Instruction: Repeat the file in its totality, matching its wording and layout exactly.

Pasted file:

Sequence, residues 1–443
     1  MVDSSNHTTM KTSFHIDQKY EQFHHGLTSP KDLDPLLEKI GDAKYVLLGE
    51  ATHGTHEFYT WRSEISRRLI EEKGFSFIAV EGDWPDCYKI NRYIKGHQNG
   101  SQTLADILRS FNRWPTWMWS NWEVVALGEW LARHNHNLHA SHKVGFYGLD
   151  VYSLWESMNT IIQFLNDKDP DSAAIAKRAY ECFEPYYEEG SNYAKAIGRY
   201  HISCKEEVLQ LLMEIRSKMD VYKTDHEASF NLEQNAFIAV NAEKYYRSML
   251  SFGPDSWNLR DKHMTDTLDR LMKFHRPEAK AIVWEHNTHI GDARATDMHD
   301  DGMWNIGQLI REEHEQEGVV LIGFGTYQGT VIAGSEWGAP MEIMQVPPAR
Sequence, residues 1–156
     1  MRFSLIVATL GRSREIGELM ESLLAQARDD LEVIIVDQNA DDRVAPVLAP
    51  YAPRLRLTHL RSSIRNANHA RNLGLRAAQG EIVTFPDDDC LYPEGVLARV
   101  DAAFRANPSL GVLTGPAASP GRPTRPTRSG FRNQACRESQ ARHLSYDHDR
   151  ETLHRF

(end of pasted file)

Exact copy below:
Sequence, residues 1–443
     1  MVDSSNHTTM KTSFHIDQKY EQFHHGLTSP KDLDPLLEKI GDAKYVLLGE
    51  ATHGTHEFYT WRSEISRRLI EEKGFSFIAV EGDWPDCYKI NRYIKGHQNG
   101  SQTLADILRS FNRWPTWMWS NWEVVALGEW LARHNHNLHA SHKVGFYGLD
   151  VYSLWESMNT IIQFLNDKDP DSAAIAKRAY ECFEPYYEEG SNYAKAIGRY
   201  HISCKEEVLQ LLMEIRSKMD VYKTDHEASF NLEQNAFIAV NAEKYYRSML
   251  SFGPDSWNLR DKHMTDTLDR LMKFHRPEAK AIVWEHNTHI GDARATDMHD
   301  DGMWNIGQLI REEHEQEGVV LIGFGTYQGT VIAGSEWGAP MEIMQVPPAR
Sequence, residues 1–156
     1  MRFSLIVATL GRSREIGELM ESLLAQARDD LEVIIVDQNA DDRVAPVLAP
    51  YAPRLRLTHL RSSIRNANHA RNLGLRAAQG EIVTFPDDDC LYPEGVLARV
   101  DAAFRANPSL GVLTGPAASP GRPTRPTRSG FRNQACRESQ ARHLSYDHDR
   151  ETLHRF